I suppose we would be remiss as food journalists if we didn't weigh in on the Jonathan Gold burrito throwdown. I know he's offering up some bait, and I will knowingly take it. In his blog yesterday he wrote:
"Bay Area residents tend to have peculiar ideas about burritos, which they regard as monstrous things wrapped in tinfoil, and filled with what would seem to be the contents of an entire margarita-mill dinner, including grilled meat, rice, beans, guacamole, tomatoes, salsa, sour cream, orange cheese, and probably a lot of other things that neither God nor man ever intended to see the inside of a tortilla, much less the soggy steamed pup-tents that are but mandatory up north."
Doesn't that make you fighting mad, NorCal burrito lovers? How dare Mr. LA call our burritos soggy steamed pup-tents (now you see why this guy won a Pulitzer for food writing)! Well, go on and get fired up on my behalf, because as a native New Englander, I have no claim on the burrito. I didn't even eat my first burrito (come to think of it, it may have been called a wrap) until I was in college. I am no authority. If you like it, if it tastes good, isn't that enough? The quest for authenticity—currently a buzz-word in gastronomic circles—is so loaded as to be almost ridiculous. Hold your El Farolito tin-foil-wrapped monstrosity up high, like the Statue of Liberty's torch! Life, liberty and the pursuit of rice, bean and orange cheese stuffed pup-tents!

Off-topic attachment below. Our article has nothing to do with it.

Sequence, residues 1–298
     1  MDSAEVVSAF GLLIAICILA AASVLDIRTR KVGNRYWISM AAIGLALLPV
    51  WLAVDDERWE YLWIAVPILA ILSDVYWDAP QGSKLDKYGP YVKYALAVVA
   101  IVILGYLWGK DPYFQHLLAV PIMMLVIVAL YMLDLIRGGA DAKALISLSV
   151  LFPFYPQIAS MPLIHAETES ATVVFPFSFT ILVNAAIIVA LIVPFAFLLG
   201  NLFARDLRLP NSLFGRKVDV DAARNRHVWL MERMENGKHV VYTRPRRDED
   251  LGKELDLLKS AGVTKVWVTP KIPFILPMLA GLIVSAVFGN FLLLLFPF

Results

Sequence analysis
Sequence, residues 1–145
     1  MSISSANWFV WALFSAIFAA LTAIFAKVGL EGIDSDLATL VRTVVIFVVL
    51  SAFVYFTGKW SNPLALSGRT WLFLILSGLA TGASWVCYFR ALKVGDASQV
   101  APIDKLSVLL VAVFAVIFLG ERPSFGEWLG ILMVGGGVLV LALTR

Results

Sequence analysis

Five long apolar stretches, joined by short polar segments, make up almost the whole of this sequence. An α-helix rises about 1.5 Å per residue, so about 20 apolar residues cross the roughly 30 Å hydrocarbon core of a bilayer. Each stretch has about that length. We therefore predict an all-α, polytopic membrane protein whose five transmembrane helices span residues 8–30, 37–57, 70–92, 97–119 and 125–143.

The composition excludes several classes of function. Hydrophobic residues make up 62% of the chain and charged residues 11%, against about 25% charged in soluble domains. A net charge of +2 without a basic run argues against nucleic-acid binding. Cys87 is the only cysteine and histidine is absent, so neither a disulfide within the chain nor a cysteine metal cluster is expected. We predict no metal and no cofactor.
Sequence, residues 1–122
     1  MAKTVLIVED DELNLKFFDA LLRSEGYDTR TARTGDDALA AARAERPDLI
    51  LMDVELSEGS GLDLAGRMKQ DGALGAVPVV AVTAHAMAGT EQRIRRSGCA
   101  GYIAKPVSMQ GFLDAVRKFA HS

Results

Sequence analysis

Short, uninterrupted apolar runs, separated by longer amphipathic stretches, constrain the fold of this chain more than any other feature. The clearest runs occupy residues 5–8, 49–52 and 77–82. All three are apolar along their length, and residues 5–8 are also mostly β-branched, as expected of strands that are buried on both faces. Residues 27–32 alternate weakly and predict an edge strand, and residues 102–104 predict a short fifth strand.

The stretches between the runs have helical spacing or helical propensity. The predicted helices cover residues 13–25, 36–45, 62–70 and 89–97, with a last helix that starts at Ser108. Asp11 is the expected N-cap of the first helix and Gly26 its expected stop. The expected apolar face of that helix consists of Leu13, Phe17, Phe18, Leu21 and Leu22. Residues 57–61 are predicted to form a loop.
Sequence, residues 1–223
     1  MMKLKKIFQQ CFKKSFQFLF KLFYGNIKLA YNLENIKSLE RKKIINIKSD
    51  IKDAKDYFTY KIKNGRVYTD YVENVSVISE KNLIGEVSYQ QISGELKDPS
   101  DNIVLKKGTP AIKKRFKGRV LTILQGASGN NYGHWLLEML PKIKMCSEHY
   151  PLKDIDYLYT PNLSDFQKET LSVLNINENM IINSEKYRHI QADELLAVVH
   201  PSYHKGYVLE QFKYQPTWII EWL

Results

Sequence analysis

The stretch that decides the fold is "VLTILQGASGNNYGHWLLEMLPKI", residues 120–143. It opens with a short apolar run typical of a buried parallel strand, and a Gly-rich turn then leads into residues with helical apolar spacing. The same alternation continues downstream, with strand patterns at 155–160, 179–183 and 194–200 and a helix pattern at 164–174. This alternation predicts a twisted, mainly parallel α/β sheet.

However I, for one, have big plans to dig into L.A. burritos—from El Tepeyac, Burrito King and Al & Bea's, mais oui, the next time I head South. After all, information is power.